Westchester's Influential Women: Laureen Barber
Photo by Stefan Radtke
As the design director of venerated Blue Hill at Stone Barns, arguably the most important and celebrated farm-to-table restaurant in the nation, Laureen Barber is responsible for not only the look of the restaurant and its corresponding café and shop but for marketing the whole Blue Hill empire (the first Blue Hill restaurant is in New York City). One can safely say that Barber, a co-owner of the restaurant, has succeeded not only in making the restaurant stunning but in ensuring that every design detail is spot-on: The menu, the promotional material, the shopping bags all have the brand’s stamp on them.
Twelve years ago, the Barbers—Executive Chef Dan (Laureen’s brother-in-law), President David (Laureen’s husband), and Design Director Laureen—opened a restaurant in Manhattan that served just-picked ingredients grown on nearby farms to its diners. The restaurant, Blue Hill, is an ode to the Barber brothers’ grandmother’s Blue Hill Farm in the Berkshires, where the boys spent their childhood summers. Blue Hill and its mission “to improve the way America eats and farms” resonated so profoundly in the restaurant world that the Barbers were invited by The Rockefeller Group to submit a proposal for a restaurant to complement the Rockefeller family’s sustainable farm and education center at Stone Barns Center for Food and Agriculture, an 80-acre parcel of land on the Rockefeller estate. Other (more established) chefs and restaurateurs also submitted proposals. They lost out to the Barbers. Thanks to Blue Hill, Westchester is today a foodie destination.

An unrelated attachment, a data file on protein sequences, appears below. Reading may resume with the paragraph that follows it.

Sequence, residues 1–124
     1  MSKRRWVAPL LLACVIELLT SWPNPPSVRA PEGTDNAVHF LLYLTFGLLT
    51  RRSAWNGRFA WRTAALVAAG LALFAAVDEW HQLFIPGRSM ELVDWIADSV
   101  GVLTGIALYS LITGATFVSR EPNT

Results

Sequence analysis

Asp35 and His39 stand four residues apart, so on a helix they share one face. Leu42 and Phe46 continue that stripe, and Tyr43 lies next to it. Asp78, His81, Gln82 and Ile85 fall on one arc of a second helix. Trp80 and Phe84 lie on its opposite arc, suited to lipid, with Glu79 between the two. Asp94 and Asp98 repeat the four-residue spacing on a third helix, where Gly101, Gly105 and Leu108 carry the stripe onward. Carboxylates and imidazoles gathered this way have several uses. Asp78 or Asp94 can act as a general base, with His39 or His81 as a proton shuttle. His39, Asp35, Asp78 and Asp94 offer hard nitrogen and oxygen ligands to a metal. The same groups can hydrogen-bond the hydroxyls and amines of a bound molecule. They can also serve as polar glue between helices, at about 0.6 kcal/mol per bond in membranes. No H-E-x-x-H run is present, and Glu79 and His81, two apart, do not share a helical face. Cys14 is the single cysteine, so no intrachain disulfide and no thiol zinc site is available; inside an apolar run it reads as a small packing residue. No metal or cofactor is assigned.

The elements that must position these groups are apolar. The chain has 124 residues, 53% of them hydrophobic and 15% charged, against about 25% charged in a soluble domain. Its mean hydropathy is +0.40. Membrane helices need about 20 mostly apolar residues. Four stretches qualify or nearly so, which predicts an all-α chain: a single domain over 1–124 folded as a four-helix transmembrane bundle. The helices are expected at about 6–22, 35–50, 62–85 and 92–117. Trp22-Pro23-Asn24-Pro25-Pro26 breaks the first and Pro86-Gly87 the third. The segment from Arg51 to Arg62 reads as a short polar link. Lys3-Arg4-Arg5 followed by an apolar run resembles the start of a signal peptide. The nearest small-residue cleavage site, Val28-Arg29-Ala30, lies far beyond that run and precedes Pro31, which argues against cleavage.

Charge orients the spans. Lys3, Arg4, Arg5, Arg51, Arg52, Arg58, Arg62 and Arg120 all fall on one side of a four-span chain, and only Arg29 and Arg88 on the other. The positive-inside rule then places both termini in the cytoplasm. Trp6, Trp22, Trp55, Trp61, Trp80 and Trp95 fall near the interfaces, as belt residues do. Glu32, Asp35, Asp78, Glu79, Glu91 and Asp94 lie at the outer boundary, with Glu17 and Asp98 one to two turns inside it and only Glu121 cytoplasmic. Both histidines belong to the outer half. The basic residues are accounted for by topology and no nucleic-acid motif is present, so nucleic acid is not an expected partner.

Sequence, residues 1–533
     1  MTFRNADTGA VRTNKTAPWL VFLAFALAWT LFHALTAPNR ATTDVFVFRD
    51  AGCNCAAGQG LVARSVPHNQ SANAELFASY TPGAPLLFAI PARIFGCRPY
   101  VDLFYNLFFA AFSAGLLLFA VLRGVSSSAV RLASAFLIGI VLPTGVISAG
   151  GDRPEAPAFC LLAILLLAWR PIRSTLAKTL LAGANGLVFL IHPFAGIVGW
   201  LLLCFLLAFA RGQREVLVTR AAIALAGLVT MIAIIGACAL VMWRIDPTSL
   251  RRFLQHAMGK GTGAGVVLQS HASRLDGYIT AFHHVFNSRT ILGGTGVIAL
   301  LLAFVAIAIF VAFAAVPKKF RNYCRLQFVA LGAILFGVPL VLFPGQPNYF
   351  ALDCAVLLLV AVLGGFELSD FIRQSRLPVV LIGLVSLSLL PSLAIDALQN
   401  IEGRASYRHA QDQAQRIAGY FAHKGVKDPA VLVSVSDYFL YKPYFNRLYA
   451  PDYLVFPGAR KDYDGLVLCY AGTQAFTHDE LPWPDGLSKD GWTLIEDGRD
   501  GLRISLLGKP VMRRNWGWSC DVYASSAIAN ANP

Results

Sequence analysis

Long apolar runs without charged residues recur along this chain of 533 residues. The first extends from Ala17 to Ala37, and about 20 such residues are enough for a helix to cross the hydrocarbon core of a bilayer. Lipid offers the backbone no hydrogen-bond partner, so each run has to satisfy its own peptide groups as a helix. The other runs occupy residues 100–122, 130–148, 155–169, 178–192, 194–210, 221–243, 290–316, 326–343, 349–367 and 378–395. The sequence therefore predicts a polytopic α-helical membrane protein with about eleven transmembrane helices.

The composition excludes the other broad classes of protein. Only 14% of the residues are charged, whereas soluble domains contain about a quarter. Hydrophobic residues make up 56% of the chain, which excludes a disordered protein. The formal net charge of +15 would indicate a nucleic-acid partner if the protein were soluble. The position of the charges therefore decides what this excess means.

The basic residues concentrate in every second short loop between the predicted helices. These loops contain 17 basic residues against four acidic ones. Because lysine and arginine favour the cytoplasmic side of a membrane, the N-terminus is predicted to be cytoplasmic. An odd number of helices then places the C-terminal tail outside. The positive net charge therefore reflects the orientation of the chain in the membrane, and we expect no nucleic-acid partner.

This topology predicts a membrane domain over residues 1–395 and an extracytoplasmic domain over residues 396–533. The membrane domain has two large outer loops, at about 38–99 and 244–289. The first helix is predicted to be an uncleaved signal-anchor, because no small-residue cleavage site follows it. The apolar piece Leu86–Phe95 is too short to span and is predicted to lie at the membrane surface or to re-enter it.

“People are coming here from far and wide—that wasn’t happening ten years ago,” Barber says. “Hopefully, we are changing the way people dine.” And after they enjoy their knock-your-socks-off dinner, perhaps diners might want to take a little souvenir home with them. Barber’s newest venture is the development of a line of Blue Hill at Stone Barns-branded products to be sold online and in Bergdorf Goodman. “People visit from all over, and there have been so many requests to take something back home with them,” she says. A well-designed doggie bag won’t do.